This is the memorable little story of their stop at Hungerford, as related by Dee.

“We stopped for tea at the Tutti Pole Cafe, despite it not being the official stop this year. Our only ‘mechanical’ issue was that after this stop, I couldn’t open my combination lock on our bikes. Coincidentally, at the same time a couple of gents were having exactly the same issue, with a similar lock and we both ended up having to cut through the locks!! But that was the only problem we encountered. My next lock, will definitely be one with a key!”

Our group of 8 did not get as far down the Hungerford high street to see the Kennet River and adjacent Canal. But we soon did, a couple of miles into the next leg of our ride.

But something stranger, a short distance further on, was this – a World War II Pill Box. These were built as a defensive measure to stop German tanks and other vehicles. The gun slits of the defenders are clearly visible. There are several, similar pill boxes in the Surrey and Kent hills because, had the Germans landed troops on the south coast, they would head for London. But here?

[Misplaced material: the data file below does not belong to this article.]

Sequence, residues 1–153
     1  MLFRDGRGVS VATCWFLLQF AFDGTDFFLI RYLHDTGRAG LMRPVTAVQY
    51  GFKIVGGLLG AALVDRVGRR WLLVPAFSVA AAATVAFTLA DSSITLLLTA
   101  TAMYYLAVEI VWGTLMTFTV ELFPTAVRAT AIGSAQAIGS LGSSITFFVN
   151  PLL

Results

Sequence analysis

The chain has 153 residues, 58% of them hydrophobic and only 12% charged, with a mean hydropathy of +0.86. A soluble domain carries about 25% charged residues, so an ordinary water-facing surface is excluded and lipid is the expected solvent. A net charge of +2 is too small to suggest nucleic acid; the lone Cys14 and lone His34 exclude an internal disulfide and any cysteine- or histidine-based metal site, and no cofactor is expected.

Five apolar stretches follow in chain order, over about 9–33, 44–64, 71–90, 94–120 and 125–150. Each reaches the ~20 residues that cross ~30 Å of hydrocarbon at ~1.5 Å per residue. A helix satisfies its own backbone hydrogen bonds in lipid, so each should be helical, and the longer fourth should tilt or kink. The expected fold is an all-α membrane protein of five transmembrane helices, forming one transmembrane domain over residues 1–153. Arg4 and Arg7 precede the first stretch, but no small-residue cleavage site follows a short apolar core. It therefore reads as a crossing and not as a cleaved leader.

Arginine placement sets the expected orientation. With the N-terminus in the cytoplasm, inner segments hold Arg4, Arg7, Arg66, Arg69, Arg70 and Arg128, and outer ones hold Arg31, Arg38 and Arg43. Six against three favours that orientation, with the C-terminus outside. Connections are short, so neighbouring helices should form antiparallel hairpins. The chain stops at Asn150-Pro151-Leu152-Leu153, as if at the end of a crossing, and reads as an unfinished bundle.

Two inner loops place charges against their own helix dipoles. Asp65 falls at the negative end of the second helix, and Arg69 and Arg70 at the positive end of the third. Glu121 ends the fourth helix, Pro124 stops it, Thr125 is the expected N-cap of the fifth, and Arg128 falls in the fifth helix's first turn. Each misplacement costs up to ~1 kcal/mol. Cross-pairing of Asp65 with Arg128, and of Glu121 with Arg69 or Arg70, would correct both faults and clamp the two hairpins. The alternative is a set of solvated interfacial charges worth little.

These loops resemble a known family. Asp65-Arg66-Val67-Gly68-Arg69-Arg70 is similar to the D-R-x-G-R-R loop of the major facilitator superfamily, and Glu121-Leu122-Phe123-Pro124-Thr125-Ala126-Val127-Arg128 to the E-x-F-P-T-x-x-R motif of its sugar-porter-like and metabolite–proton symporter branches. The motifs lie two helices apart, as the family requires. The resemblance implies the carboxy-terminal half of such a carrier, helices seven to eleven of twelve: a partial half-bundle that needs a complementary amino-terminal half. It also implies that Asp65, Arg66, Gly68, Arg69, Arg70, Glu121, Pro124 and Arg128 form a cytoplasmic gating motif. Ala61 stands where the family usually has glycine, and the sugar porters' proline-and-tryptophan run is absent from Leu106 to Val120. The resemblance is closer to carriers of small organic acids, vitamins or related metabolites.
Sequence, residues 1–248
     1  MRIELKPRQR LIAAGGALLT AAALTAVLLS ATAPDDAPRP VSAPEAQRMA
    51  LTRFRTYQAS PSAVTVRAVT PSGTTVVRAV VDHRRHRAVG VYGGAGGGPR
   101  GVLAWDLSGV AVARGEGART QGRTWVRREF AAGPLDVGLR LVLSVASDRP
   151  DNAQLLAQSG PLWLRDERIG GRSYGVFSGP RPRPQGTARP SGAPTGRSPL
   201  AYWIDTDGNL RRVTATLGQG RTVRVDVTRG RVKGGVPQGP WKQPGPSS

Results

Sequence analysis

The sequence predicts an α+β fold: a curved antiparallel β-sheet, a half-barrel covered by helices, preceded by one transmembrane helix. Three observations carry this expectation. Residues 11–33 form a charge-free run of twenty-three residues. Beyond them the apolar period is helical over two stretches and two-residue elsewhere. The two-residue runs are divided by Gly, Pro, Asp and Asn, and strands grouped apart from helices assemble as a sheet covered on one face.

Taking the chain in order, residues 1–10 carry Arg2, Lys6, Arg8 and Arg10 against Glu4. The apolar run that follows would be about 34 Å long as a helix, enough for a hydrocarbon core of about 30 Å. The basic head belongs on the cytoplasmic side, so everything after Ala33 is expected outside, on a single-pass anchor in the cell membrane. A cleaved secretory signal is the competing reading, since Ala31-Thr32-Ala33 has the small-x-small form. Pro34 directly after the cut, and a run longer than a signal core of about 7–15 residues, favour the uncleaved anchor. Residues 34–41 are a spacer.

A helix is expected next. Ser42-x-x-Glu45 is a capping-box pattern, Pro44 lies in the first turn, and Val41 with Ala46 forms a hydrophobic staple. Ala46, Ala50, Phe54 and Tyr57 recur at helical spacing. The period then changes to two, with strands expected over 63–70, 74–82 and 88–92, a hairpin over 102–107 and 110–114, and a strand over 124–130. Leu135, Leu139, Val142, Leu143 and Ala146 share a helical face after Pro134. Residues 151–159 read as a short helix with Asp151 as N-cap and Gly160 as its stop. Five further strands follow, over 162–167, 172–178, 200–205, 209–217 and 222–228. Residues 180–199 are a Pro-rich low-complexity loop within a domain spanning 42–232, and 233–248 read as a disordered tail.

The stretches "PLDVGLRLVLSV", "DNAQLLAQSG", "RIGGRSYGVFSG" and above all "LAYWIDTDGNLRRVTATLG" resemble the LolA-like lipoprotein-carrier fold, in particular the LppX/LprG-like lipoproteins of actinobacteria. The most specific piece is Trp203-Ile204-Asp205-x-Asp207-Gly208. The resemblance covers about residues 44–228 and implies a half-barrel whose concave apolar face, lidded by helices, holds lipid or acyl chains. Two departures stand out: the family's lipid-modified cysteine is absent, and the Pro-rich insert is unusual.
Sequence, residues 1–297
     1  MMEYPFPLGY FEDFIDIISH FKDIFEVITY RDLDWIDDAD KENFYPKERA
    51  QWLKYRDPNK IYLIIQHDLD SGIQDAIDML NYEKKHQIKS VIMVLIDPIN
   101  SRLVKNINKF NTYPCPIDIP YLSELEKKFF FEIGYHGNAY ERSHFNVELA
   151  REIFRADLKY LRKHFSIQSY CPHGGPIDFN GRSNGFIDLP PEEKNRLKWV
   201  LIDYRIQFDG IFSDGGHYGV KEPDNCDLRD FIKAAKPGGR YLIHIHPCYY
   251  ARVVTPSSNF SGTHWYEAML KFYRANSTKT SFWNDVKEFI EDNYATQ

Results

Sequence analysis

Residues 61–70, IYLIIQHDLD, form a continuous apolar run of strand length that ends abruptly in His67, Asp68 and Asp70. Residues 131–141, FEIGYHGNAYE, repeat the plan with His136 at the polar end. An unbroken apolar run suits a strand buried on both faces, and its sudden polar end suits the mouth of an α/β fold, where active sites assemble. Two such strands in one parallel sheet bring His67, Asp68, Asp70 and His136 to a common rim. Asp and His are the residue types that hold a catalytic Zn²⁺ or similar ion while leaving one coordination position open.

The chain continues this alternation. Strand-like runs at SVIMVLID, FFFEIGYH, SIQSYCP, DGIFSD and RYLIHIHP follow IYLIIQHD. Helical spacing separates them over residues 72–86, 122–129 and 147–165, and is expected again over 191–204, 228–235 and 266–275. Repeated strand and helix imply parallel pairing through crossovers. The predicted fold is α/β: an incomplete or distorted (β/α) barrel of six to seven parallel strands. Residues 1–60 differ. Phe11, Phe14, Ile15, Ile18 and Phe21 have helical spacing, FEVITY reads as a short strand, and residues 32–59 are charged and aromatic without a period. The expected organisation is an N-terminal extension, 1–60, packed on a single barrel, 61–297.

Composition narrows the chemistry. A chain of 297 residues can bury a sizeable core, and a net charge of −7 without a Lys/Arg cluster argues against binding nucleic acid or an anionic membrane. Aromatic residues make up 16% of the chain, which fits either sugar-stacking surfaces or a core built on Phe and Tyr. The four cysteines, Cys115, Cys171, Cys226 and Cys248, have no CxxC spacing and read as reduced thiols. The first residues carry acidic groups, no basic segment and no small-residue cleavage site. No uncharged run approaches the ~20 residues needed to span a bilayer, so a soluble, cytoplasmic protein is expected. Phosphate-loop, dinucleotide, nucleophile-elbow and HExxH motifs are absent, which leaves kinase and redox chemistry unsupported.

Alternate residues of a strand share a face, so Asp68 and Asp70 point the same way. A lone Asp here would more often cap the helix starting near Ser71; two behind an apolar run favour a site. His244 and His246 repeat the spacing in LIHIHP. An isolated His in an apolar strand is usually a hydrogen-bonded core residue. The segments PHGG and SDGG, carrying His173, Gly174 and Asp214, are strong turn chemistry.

We were now into the depth of the Berkshire countryside, narrow, twisting lanes with the odd farm house or little hamlet. We now had to find the next Control Point which was at a T junction where we had to turn left to Wickham. Here we had to find the distance to Hungerford. It was clearly not the first T, or the second shown below. This showed the distance to Hungerford, but to the left Winding Wood

Third time lucky! But it took us 5 miles by via the back lanes.

The next Control Point was a few miles further on at a the pretty little village of Welford where we had to find an inscription carved into the oak beams of the church lychgate

The next village was Boxford and we all thought that this was the best of al the little villages of the day’s ride.

Thatched cottages
A little river
And riverside cottages

The photos show just a little of what Berkshire has to offer, and when we finished the ride there was free food and drink at Grazeley Village Hall. Karen and Dee got there first, had their Brevet Record signed off as they had correctly answered all the Control Point questions, and tucked into some hot soup, and no doubt a few cups of tea or coffee. Fortunately there was plenty of food drink left for us later arrivals – chocolate artic roll being my calorific refuelling!

Did we all enjoy this Audax ride? The response was over whelming yes – for example one our ladies saying that it was a great day, a great achievement and we look forward to more adventures on our bikes – too which I could not agree more!